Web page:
The U.S. House of Representatives has already gone on vacation back to their districts and the Senate effectively adjourned for 2013 last Friday, meaning that the one-year extension of the Wind Production Tax Credit (PTC) will expire on Jan. 1, 2014.
The PTC is a $0.022 per kilowatt-hour tax credit on the power that new wind farms in the United States generate for the first 10 years of their operation. These farms have to be “under construction” in 2013 to receive the credit, which is different than how it worked over the law’s prior 20-year history.
In January of 2013, with the legislative fix to the “fiscal cliff,” Congress changed this language from “in production” to “under construction” -- meaning that there is a lot less a farm has to do to qualify for that tax credit. It does not have to be producing power yet, it merely has to have started physical construction or committed 5 percent of the project’s costs by the end of the year to be eligible for the credit. If that change had not been made at the beginning of 2013, a very small number of wind projects would have actually gotten underway, because it takes 18 to 24 months to develop and manufacture most wind energy projects. If Congress had not changed the language in its extension in January 2013, most investors would not have even tried to get projects under way in less than a year.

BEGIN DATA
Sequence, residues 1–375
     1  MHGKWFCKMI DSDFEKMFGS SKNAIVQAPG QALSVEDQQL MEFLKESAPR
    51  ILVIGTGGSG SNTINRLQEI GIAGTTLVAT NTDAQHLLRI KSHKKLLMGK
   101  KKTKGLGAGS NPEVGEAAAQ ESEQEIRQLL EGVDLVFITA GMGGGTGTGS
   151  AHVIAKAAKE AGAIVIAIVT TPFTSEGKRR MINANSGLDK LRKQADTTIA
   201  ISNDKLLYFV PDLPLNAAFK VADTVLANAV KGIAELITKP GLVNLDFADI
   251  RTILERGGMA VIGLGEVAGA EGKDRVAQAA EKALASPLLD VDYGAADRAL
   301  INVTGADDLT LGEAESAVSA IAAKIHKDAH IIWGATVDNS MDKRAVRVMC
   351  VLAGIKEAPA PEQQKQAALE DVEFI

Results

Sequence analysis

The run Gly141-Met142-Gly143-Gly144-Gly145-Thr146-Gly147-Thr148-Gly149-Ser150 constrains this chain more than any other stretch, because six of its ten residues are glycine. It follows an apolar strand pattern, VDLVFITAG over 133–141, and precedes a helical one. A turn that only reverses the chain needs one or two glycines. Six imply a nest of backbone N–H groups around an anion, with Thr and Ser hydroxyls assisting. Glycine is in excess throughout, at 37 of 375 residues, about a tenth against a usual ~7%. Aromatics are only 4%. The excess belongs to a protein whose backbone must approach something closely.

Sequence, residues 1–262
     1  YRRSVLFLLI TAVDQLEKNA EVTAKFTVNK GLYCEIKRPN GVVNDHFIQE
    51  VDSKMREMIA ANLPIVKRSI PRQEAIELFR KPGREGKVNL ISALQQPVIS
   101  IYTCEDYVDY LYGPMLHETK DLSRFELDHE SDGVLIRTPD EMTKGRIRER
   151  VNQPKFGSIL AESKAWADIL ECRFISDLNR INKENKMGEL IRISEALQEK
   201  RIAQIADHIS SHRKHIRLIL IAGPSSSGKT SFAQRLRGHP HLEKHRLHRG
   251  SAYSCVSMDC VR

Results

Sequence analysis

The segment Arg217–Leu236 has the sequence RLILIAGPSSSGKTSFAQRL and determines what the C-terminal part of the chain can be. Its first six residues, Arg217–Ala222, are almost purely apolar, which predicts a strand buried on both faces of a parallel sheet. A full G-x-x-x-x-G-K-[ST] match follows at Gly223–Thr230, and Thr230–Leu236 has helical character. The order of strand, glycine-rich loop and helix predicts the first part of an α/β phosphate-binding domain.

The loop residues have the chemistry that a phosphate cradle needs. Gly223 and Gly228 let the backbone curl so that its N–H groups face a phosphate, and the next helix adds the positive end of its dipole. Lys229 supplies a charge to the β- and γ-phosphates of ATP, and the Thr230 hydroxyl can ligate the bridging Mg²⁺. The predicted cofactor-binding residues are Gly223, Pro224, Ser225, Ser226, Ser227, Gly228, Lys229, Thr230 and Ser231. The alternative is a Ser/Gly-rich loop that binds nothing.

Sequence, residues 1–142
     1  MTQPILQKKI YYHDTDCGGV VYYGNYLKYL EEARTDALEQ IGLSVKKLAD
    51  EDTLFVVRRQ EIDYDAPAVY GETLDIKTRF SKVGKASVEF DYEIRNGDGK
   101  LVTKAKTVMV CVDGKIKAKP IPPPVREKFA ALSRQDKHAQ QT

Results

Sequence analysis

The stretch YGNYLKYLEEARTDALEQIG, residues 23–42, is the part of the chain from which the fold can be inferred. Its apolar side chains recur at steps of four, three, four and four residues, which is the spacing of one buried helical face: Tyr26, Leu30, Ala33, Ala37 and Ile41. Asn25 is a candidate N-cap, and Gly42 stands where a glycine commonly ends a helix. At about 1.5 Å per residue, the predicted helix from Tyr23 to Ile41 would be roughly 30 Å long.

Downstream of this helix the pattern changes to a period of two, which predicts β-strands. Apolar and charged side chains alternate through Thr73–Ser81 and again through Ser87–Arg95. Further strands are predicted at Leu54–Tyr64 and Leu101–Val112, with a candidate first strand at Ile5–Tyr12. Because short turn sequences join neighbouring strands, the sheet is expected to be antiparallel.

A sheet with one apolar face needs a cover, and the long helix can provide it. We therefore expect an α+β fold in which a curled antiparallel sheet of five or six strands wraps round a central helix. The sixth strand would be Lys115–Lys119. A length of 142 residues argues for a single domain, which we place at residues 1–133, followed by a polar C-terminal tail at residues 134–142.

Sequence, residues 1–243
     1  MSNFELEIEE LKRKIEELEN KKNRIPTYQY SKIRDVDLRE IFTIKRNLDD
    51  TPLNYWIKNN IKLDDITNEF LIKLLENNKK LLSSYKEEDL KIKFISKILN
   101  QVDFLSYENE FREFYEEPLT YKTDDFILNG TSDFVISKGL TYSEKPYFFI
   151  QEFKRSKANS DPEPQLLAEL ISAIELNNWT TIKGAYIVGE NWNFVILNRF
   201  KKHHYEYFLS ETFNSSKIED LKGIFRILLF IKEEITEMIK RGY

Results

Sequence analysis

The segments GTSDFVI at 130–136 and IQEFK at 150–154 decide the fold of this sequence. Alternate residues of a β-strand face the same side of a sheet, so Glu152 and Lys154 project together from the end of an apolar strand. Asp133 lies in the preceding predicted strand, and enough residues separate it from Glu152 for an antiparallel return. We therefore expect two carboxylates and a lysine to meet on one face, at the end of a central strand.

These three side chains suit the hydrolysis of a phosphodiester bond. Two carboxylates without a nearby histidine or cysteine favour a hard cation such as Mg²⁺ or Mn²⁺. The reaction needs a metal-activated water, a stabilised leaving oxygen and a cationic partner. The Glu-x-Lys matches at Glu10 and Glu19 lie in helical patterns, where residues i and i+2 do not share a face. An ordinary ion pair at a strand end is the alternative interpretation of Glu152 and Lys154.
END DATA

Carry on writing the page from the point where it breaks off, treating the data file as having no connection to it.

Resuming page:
With the change, though, the industry kept moving. “There’s a race to the start line as opposed to the finish line this time around,” said Mark Albenze, CEO of Wind Americas at Siemens Energy.